• Carefully monitoring space heaters and fireplaces when in use; never leave the room or go to sleep when using either.

“Prevention is key,” Ms. McKelvey said. “Knowing where fire hazards in your home exist and taking the steps to prevent them can significantly reduce the likelihood of having a home fire.

“Also, installing, testing and maintaining smoke alarms is critical to home fire safety, as is having a home escape plan that everyone in the home has practiced together.”

Home sprinklers are a critical asset in the midst of a growing fire, Ms. McKelvey said.

“Home fire sprinklers, which have been available for quite some time now, but in relative terms are a newer technology, greatly reduce the risk of fire deaths and injuries, as well as property damage,” she said.

“NFPA has worked in coordination with other organizations for the past 20 years to encourage states to require home fire sprinklers in new residential constructions.”

Today’s homes are often built with features that have actually increased fire risk in more recent years, Ms. McKelvey said.

“Homes designed with lots of open spaces and high ceilings can help accelerate the speed at which fire spreads,” she said.

“Newer homes also tend to be built with lightweight wood construction that weakens and collapses faster when exposed to high temperatures than dimensional lumber, generating black smoke and gases that make it difficult to see and breathe in a very short window of time.

“Add to that, many of the products and furnishings in our homes are made of synthetic materials and fibers that burn at high temperatures and also generate toxic black smoke and gases. All these factors combined have helped accelerate the speed at which today’s home fires spread, so that people may have as little as one to two minutes to escape a home fire from the time the smoke alarms sound.”

Using the recent Bronx, New York, apartment fire that caused the deaths of 17 people as an example, Little Creek Volunteer Fire Company Chief Scott Bundek advised anyone threatened by a fire to be sure to close off the room it starts in.

According to the Associated Press, fire officials said a malfunctioning electric space heater started the blaze in New York, which damaged only a small part of the building. But smoke engulfed the complex after tenants, fleeing the unit where the flames began, left the apartment door open behind them in their hurry to escape.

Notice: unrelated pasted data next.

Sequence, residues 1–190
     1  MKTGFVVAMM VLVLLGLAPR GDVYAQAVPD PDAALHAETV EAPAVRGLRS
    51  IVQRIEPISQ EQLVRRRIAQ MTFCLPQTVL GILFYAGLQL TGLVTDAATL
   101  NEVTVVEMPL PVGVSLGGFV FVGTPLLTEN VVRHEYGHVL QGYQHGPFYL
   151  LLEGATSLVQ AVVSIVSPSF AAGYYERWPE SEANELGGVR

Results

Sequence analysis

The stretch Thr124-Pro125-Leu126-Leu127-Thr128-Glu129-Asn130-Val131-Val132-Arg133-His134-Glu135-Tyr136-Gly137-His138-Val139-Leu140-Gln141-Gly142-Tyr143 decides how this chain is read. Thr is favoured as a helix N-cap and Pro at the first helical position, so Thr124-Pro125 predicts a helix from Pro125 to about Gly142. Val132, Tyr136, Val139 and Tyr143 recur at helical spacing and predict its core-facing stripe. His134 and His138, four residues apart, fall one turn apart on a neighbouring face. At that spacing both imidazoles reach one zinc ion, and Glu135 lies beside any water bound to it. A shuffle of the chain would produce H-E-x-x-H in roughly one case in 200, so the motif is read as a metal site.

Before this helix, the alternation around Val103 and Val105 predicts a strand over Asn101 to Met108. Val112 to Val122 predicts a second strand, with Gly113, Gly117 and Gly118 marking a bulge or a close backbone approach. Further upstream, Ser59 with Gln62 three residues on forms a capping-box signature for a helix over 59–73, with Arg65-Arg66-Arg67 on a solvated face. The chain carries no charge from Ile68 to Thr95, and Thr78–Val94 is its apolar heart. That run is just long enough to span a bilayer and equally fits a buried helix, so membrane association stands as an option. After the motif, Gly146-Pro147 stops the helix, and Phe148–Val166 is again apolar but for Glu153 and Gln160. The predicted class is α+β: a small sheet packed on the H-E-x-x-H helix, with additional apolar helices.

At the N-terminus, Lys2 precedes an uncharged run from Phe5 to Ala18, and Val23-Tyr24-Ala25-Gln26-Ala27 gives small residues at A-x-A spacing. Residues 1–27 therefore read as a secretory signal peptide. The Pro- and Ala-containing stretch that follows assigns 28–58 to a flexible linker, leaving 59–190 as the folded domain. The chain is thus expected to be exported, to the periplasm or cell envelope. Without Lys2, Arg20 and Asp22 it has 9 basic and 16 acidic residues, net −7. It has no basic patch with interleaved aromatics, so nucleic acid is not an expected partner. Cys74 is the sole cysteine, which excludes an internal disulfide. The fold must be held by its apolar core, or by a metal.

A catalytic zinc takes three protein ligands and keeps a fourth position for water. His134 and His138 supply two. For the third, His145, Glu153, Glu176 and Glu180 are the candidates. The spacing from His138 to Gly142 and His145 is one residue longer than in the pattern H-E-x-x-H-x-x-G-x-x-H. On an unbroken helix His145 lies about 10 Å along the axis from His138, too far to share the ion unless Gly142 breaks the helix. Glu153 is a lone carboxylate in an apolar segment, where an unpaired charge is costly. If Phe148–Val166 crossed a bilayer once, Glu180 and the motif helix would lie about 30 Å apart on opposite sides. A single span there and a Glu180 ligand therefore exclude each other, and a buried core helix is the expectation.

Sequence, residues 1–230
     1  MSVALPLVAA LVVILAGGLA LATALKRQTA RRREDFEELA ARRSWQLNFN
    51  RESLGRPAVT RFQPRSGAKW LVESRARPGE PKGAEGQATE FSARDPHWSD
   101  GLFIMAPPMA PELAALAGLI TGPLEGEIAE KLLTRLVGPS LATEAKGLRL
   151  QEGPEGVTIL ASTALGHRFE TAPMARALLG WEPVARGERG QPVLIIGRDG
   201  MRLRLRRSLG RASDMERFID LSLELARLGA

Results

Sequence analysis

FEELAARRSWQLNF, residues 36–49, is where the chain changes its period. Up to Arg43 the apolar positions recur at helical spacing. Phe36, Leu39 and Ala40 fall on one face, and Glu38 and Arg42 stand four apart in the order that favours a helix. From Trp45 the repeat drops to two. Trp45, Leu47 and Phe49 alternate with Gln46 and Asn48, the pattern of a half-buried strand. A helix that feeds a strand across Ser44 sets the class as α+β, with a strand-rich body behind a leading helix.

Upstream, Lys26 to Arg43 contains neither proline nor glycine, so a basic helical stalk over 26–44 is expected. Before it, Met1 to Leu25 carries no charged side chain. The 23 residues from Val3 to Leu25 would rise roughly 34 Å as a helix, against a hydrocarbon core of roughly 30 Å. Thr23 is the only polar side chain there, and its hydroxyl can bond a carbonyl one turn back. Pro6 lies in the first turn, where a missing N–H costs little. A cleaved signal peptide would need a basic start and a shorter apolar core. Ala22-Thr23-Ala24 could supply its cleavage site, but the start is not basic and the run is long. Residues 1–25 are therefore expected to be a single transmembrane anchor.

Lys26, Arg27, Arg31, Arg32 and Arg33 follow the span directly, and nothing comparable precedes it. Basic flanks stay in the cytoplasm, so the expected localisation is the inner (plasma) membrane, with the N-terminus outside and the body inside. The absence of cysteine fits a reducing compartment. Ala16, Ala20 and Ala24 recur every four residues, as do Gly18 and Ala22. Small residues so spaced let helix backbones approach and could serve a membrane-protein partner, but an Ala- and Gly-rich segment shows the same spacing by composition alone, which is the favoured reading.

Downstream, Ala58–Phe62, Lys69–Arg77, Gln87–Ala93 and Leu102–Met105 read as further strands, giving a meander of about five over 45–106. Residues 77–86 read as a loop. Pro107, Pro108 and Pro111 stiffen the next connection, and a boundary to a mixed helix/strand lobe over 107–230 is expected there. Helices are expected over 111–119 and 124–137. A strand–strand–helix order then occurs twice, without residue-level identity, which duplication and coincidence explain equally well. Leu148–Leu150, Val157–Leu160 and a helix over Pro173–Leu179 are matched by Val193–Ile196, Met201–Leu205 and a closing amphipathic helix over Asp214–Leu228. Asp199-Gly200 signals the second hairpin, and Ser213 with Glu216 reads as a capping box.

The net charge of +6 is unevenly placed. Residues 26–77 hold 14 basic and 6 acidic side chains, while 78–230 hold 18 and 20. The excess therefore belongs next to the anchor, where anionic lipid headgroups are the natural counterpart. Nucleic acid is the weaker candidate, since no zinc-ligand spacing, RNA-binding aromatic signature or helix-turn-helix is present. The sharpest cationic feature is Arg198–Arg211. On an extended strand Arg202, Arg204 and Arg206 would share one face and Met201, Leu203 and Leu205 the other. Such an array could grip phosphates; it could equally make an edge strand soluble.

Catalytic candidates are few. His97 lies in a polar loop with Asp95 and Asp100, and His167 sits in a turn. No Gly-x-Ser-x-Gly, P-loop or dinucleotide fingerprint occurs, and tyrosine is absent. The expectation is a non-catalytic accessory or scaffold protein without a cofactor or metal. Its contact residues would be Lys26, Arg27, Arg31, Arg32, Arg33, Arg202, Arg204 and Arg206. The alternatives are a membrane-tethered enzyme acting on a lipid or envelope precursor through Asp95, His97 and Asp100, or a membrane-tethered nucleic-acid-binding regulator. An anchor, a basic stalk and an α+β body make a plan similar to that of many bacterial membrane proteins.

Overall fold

Challenges abound for firefighters in the cold, Mr. Bundek said.

“The number one challenge is that our main suppression is water and if the temperature is below freezing the water begins to freeze,” he said.

“Not necessarily coming out of the truck to put the fire out, but once you spray water everywhere it becomes slippery, gear gets coated in water or ice, everything becomes more difficult to navigate in.

“And you have to watch out for the safety of the responders as well because you don’t want them falling over or getting injured in any way. Then there’s something like snow, which can make it more difficult to find hydrants, get quick access to the houses.”

Also, he said, “Extreme heat and extreme cold will wear on folks that are working. They’ll tire very quickly. It wears them out.”

Training helps firefighters to knock down fires in any type of weather, Mr. Chionchio said.

“Although the cold can be uncomfortable, firefighters are schooled in extinguishing fires in the cold,” he said. “Slipping hazards and ice-covered equipment are quickly dealt with while focusing on extinguishing the fire immediately.”

In the midst of tackling a blaze, Dover Fire Department Chief David Carey said, the adrenaline pumps and focus on the task at hand — extinguishing — is acute. Once the fire is controlled with maximum effort, however, “You see a family or residents who are upset and may have lost everything. That’s the tough part.”